Every person privileged enough to make a living through their creativity understands a professional creative life depends upon reconciling two seemingly incompatible activities: making and selling.
Making — the soul-filling part of a creative practice — is best done without too much concern in the moment for how your ideas are going to be sold; good work usually only results when unencumbered by the soul-sucking hindrance of second guessing what other people are going to think of your ideas.
While most creative professionals don’t like to focus on the selling part of their work, it’s naive to engage in a professional creative practice with the assumption that an adoring audience will blindly accept whatever you make. Most creative professionals must convince a range of people — clients, funders, colleagues — that their idea is a good one for that idea to become a reality.
And the bolder an idea, the more unconventional, the harder selling becomes. As Jonathan Swift said, “He was a bold man that first ate an oyster.”
My mentor and former colleague Dale Herigstad (one of the designers of Minority Report’s famed concept UI) is fond of describing the invisible yet often impermeable barrier that prevents innovation as “the wall of the new.” As real as any physical wall, the wall of the new is an obstacle that anyone with a challenging, ambitious idea must negotiate. Even reasonable collaborators can erect this wall — in fact, more often than not, the wall of the new is a perfectly rational construct raised by well-meaning people.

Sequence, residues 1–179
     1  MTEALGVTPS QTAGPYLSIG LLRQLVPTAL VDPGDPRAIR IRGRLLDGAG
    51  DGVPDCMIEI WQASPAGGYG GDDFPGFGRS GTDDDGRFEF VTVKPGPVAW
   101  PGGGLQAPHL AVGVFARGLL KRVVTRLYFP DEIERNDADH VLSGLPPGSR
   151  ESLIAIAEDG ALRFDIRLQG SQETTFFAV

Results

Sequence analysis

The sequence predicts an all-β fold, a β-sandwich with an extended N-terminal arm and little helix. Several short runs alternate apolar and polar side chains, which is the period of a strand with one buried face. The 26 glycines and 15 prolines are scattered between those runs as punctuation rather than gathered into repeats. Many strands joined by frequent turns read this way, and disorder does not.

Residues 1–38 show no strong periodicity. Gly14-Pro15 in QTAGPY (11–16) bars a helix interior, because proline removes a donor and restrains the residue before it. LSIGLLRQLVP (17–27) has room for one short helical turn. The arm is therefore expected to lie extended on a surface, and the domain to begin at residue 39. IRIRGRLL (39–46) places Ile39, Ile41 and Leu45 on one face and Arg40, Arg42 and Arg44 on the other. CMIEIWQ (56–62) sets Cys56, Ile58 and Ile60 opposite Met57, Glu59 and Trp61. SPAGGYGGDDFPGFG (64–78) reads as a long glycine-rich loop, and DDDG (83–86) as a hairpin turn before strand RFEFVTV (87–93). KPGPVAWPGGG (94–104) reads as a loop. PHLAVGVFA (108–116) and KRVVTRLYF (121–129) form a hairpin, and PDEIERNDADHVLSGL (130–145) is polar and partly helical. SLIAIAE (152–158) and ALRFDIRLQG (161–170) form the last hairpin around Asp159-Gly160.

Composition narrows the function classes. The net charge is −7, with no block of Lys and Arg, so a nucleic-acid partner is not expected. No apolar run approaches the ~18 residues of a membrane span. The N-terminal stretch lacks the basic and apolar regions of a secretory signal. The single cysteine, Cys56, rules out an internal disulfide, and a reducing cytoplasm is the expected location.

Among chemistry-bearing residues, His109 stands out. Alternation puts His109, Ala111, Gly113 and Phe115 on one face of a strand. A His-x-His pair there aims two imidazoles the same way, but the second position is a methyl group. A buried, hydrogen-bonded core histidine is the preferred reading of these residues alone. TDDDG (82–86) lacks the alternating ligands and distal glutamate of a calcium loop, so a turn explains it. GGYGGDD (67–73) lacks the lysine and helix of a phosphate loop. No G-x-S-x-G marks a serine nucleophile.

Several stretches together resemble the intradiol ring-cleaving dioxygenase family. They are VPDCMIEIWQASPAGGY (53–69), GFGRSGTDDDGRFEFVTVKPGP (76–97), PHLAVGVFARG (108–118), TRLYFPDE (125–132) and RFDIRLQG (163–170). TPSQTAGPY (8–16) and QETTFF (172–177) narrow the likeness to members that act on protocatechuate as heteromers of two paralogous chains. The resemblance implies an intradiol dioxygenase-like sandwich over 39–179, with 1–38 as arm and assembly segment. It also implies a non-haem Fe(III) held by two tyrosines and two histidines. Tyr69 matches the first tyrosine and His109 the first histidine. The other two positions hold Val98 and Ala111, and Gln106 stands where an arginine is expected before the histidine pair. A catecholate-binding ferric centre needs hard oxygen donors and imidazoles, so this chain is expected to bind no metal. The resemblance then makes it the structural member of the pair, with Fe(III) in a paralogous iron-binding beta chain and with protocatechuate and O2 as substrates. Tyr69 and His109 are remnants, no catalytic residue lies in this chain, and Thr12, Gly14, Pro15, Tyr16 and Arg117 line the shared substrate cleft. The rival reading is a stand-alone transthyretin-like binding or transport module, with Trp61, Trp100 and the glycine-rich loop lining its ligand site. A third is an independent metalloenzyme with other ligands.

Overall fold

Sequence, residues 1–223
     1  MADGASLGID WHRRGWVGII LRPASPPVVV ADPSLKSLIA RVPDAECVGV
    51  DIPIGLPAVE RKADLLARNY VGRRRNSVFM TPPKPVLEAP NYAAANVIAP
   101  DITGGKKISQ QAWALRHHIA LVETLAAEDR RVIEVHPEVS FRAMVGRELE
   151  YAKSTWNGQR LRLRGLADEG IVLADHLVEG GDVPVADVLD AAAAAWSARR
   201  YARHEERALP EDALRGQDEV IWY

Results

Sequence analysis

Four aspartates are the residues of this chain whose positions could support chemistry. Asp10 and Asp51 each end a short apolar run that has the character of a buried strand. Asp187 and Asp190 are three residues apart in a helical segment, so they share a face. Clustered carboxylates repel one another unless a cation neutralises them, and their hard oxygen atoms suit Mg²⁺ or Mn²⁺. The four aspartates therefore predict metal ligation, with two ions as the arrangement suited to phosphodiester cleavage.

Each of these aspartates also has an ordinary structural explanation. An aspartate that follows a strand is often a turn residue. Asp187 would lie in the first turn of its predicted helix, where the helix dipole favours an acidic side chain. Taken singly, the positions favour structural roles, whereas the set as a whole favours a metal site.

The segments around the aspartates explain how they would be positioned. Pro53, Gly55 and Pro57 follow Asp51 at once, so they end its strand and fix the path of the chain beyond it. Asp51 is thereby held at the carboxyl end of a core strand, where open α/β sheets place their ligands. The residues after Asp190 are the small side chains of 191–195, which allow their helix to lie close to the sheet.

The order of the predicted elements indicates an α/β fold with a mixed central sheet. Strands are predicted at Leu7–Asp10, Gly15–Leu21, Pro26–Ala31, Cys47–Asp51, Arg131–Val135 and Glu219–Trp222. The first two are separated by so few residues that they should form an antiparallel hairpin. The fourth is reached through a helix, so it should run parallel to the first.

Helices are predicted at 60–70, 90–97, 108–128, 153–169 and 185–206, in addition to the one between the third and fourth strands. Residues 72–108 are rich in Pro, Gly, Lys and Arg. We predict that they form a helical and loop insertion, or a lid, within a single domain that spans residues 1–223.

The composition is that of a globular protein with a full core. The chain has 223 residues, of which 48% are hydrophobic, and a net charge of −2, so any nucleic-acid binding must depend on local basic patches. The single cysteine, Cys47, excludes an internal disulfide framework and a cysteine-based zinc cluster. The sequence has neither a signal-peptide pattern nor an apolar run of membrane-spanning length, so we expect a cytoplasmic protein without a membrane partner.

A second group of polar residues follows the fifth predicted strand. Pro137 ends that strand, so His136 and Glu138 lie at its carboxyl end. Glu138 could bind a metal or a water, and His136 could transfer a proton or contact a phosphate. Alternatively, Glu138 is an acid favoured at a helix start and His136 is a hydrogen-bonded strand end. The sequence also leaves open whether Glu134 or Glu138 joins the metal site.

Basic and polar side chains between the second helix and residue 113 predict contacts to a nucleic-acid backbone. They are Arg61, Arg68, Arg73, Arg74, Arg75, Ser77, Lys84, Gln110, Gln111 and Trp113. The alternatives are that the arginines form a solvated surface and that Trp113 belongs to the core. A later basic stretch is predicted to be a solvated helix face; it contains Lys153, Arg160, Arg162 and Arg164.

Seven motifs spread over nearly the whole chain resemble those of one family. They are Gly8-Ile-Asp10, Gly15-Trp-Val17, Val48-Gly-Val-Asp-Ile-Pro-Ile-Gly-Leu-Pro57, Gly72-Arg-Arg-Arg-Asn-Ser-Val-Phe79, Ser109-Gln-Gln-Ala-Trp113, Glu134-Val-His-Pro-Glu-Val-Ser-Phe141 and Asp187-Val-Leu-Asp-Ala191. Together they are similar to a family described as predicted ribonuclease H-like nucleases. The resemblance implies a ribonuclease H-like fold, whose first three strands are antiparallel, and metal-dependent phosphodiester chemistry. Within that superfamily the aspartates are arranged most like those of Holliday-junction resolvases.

There are two primary reasons why a reasonable person might resist a new and daring concept:
- They understand what you are proposing, but have different priorities, and think your idea is unnecessary or irrelevant.
- They don’t truly understand your idea, and are making assumptions that lead them to believe that your is idea infeasible or misguided.
When encountering resistance to a bold creative idea, it’s important to identify the source of resistance, as different obstacles demand different approaches.
In the first case, when resistance is rooted in concerns of relevancy, convincing is a matter of making a rational argument: demonstrate understanding of the problem; show a gap in familiar solutions; demonstrate how your bold idea fills that gap; project the impact of your solution.
This approach is linear and narrative — and, as such, is usually facilitated by a slide deck. While slide decks can either be informative or miserable (see Edward R. Tuft’s The Cognitive Style of PowerPoint) on their own merits, it’s clear that linear storytelling is apropos for rational arguments.
But, when it comes to the obstacle of elemental understanding of an idea, too often the tactics for making rational arguments are employed: “Sit down, let me walk you through a deck that shows my idea” is a fundamentally inadequate approach to demonstrate a complex, sophisticated, or unorthodox interactive experience.
Understanding interactivity without actually interacting is kind of like trying to guess at the color of objects by looking at a black-and-white photograph — the more familiar you are with the scene being depicted in the photo, the better your guesses will be; but if you’re unfamiliar with the scene, if it’s brand new to you, you’re going to fill in the blanks and make assumptions based on other experiences which may or may not be germane. Chances are, you’re going to get things wrong; your perception and understanding are going to be incomplete at best.